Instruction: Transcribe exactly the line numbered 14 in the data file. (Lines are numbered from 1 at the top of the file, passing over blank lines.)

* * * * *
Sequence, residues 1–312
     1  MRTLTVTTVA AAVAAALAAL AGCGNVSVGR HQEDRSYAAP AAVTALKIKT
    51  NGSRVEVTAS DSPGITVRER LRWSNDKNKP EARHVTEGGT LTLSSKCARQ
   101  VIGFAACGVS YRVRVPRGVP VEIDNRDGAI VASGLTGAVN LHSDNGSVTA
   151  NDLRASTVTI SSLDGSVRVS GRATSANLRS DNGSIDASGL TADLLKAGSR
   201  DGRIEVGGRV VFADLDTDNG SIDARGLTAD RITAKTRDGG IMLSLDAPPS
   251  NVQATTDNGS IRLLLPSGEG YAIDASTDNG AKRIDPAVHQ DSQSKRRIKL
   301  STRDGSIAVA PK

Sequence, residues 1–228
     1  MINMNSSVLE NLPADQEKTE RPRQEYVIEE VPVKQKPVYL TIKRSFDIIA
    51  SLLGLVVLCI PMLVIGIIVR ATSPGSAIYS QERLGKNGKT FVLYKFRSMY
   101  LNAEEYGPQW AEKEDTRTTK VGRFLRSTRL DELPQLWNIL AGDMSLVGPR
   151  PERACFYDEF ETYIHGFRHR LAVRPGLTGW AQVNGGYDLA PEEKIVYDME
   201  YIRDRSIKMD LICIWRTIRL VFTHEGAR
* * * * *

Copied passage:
   201  YIRDRSIKMD LICIWRTIRL VFTHEGAR